The Breakdown

Explaining Southern California's economy

Housing prices: Los Angeles is on the edge

26296 full
26296 full

The Case-Shiller index is out for March 2012. The bottom line is that price declines across the indices — which tracks housing prices data in two groups, across 10 and 20 U.S. cities — are moderating. Or seem to be moderating. This means that many cities may finally be scraping along a true bottom for housing prices, setting the stage for a recovery that can sustain itself. 

This is from the S&P/Case-Shiller press release:

“The regions showed mixed results for March.  Twelve of the cities saw average home prices rise in March over February, seven saw prices fall and one  – Las Vegas  – was flat.   The Composites were largely unchanged with the 10-City down only 0.1% and the 20-City unchanged.  After close to six consecutive months of price declines across most cities, this is relatively good news.  We just need to see it happen in more of the cities and for many months in a row.  Since we are entering a seasonal buying period, it becomes very important to look at both monthly and annual rates of change in home prices in order to understand the broader trend going forward.”

Wither Los Angeles in all this? Well, our February-to-March numbers weren't as robust as other cities, but we were among those 12 cities that saw our homes prices rise — barely. We just beat out Las Vegas, as the table below (via Bloomberg) shows.

We're basically right on the edge between positive and negative pricing territory, balancing precariously.

If you read across, you can see slow improvement in the 3-month, 1-year, and 3-year time frames. You can also notice, if you study the entire chart, an absence of double-digit negative numbers for L.A. In fact, L.A. has tracked fairly closely to the Case-Schiller 20-city composite.

This, combined with our current position in the middle of the housing pack, city-wise, makes us a decent bellwether for the overall market.

============================================================
               1-months 3-months  1-year  2-years  3-years
               earlier  earlier  earlier  earlier  earlier
============================================================
US Composite-20  -0.03%   -1.84%   -2.57%   -6.45%   -4.26%
------------------------------------------------------------
Phoenix           2.17%    4.39%    6.09%   -2.87%   -0.51%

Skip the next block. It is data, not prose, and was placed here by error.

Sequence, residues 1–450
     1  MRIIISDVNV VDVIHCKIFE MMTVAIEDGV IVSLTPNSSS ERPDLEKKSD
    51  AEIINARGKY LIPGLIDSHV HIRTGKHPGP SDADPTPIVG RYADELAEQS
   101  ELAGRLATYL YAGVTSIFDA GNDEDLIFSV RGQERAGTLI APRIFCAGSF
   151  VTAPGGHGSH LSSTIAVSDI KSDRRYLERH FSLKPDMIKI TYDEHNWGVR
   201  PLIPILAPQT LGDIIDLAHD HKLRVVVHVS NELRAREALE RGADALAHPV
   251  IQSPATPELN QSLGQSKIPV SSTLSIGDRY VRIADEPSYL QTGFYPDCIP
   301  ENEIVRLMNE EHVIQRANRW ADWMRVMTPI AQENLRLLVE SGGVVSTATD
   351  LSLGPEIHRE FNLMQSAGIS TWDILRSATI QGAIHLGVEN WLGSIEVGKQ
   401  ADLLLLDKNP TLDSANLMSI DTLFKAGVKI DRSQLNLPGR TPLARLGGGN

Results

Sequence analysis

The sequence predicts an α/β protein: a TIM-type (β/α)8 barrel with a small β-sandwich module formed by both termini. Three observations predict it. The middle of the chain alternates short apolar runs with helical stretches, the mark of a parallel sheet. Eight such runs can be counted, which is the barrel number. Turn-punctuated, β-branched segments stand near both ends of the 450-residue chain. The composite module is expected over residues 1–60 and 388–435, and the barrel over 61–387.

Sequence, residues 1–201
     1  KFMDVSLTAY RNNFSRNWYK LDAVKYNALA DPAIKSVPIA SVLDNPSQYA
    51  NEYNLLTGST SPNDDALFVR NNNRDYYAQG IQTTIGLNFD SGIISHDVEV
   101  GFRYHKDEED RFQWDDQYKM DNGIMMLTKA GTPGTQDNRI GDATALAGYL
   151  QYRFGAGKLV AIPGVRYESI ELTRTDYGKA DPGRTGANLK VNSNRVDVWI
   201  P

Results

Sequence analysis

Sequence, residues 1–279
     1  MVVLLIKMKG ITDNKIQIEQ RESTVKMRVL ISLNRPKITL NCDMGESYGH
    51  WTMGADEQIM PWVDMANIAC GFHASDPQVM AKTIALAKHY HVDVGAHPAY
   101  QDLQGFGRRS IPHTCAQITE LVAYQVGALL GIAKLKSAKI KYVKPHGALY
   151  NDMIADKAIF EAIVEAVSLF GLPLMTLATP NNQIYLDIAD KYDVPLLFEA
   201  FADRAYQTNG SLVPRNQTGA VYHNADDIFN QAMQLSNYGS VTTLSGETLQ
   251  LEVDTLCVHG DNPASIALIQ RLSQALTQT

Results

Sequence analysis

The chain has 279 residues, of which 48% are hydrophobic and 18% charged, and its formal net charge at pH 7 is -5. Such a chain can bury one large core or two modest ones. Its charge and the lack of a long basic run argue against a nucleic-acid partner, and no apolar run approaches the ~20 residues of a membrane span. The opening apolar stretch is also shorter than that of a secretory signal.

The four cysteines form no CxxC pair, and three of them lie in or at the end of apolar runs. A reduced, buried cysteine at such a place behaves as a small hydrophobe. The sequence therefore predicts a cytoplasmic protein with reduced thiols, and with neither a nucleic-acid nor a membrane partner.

Seattle           1.74%    0.18%   -1.31%   -8.69%  -11.96%
Dallas            1.56%    1.16%    1.49%   -1.15%    1.90%
Denver            1.52%    0.03%    2.57%   -1.32%    2.73%
Tampa             1.28%    0.33%   -0.96%   -8.04%  -11.30%
Charlotte         1.17%    0.16%    0.44%   -4.68%   -8.37%
San Francisco     1.04%   -2.16%   -2.99%   -7.90%    6.99%
Washington DC     0.96%   -1.07%   -0.59%    0.61%    6.35%
Miami             0.91%    2.22%    2.53%   -3.69%   -5.37%
============================================================
               1-months 3-months  1-year  2-years  3-years
               earlier  earlier  earlier  earlier  earlier
============================================================
Cleveland         0.45%   -3.17%   -2.44%   -8.39%   -2.28%
San Diego         0.41%   -0.49%   -2.73%   -6.58%    3.53%
Los Angeles       0.13%   -1.46%   -4.78%   -6.38%   -0.72%
Las Vegas        -0.02%   -0.93%   -7.52%  -12.39%  -22.88%
Boston           -0.21%   -1.76%   -0.96%   -3.61%    0.06%
Portland         -0.46%   -2.82%   -2.76%  -10.17%  -12.64%
New York         -0.85%   -2.84%   -2.75%   -6.73%   -9.06%
Atlanta          -0.91%   -5.46%  -17.74%  -20.44%  -21.45%
Minneapolis      -0.92%   -2.73%    3.25%   -6.85%   -0.34%
Chicago          -2.51%   -6.75%   -7.05%  -14.15%  -16.11%
Detroit          -4.43%   -5.43%    2.27%   -1.51%   -6.03%
============================================================

 

Follow Matthew DeBord and the DeBord Report on Twitter. And ask Matt questions at Quora.

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